tricks upon's with savages and men of Ind, ha? I
    have not scaped drowning to be afeard now of your 1150
    four legs; for it hath been said, As proper a man as
    ever went on four legs cannot make him give ground;
    and it shall be said so again while Stephano
    breathes at's nostrils.
  • Caliban. The spirit torments me; Oh! 1155
  • Stephano. This is some monster of the isle with four legs, who
    hath got, as I take it, an ague. Where the devil
    should he learn our language? I will give him some
    relief, if it be but for that. if I can recover him
    and keep him tame and get to Naples with him, he's a 1160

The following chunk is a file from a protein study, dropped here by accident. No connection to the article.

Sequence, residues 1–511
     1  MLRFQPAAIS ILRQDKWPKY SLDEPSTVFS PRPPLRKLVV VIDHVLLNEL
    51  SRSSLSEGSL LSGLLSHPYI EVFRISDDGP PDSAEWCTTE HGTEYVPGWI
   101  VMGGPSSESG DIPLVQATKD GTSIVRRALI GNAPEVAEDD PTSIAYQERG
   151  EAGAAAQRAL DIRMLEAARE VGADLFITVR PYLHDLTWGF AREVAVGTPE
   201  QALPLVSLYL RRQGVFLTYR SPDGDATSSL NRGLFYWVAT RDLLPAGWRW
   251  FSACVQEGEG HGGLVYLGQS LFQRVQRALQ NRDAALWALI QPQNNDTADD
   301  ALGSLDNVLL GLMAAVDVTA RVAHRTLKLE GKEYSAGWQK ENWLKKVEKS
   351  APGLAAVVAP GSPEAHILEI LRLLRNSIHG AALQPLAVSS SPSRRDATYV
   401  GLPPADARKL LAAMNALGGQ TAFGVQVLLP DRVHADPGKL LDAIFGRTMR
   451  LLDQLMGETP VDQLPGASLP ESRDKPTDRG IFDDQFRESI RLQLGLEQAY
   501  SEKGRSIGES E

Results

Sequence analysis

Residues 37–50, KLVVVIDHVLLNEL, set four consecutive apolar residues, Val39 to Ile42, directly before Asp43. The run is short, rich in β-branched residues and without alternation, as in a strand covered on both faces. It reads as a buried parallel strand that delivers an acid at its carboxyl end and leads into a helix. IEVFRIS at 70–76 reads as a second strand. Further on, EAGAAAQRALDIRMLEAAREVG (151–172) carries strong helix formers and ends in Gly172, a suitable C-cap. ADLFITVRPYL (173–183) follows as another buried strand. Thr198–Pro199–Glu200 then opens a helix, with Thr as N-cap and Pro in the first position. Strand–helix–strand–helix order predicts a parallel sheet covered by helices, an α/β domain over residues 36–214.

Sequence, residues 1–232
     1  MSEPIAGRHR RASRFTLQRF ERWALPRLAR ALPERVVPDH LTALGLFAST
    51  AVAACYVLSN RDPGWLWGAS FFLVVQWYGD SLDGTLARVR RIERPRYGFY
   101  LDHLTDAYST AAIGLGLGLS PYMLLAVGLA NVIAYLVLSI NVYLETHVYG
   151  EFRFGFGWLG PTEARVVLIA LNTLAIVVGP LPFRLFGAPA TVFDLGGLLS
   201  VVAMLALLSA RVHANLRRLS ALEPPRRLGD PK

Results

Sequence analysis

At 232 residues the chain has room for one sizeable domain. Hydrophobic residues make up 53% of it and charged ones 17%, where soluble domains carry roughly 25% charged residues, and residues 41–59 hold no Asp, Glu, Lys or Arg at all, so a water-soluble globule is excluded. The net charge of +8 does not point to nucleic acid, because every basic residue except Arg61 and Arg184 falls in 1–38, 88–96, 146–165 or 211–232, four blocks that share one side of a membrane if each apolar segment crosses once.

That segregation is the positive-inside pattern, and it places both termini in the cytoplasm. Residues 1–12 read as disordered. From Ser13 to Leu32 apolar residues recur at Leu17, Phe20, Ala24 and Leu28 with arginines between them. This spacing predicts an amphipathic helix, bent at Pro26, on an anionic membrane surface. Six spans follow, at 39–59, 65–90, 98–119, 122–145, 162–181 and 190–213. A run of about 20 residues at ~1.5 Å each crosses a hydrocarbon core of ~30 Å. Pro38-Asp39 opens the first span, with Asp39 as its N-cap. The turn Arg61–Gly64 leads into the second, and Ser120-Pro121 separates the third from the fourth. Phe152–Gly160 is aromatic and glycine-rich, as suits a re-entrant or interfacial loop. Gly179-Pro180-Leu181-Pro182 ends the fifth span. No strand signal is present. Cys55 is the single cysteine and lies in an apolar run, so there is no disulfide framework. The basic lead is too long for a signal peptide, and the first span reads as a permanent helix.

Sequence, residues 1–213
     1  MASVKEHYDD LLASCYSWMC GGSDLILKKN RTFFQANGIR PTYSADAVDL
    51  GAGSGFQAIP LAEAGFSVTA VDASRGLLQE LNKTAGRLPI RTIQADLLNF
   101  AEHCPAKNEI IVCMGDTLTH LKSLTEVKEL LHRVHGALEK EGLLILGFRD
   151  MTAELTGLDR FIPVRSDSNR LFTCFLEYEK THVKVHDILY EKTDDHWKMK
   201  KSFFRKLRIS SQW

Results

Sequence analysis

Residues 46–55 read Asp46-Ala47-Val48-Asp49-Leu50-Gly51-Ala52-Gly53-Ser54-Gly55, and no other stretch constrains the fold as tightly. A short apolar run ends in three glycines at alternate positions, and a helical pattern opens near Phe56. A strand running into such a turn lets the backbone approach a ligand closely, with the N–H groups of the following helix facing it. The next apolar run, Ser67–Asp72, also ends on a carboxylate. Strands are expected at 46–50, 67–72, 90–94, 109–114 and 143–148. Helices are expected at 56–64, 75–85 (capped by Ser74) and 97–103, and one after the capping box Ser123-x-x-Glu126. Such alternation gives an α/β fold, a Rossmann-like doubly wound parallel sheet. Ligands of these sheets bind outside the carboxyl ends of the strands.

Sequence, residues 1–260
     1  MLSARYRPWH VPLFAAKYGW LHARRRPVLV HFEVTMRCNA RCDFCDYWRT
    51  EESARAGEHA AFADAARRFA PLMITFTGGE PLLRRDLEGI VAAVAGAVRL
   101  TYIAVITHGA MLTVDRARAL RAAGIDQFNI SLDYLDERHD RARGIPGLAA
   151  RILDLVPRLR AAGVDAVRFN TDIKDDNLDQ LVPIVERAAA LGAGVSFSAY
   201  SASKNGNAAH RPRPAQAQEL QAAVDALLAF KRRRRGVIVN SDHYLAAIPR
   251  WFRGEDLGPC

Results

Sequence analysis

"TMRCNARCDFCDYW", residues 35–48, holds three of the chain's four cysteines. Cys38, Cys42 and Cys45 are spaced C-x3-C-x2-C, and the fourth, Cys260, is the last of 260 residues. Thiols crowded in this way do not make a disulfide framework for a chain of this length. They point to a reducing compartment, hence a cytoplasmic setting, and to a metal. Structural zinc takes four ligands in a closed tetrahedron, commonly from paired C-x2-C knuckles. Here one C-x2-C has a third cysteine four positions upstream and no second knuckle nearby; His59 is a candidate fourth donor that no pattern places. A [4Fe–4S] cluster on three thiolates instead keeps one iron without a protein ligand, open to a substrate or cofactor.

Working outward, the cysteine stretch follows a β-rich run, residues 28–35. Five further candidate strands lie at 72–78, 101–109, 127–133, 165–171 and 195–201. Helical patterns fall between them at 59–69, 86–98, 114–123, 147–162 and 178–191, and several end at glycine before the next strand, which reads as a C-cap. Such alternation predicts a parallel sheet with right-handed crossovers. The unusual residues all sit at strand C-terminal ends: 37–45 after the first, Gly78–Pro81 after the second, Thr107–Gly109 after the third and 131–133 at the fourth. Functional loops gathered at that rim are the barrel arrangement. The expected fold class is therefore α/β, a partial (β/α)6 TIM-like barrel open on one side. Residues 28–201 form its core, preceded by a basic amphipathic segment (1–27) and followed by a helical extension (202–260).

present for any emperor that ever trod on neat's leather.
  • Caliban. Do not torment me, prithee; I'll bring my wood home faster.
  • Stephano. He's in his fit now and does not talk after the
    wisest. He shall taste of my bottle: if he have
    never drunk wine afore will go near to remove his 1165
    fit. If I can recover him and keep him tame, I will
    not take too much for him; he shall pay for him that
    hath him, and that soundly.
  • Caliban. Thou dost me yet but little hurt; thou wilt anon, I
    know it by thy trembling: now Prosper works upon thee. 1170
  • Stephano. Come on your ways; open your mouth; here is that
    which will give language to you, cat: open your
    mouth; this will shake your shaking, I can tell you,
    and that soundly: you cannot tell who's your friend:
    open your chaps again. 1175
  • Trinculo. I should know that voice: it should be—but he is
    drowned; and these are devils: O defend me!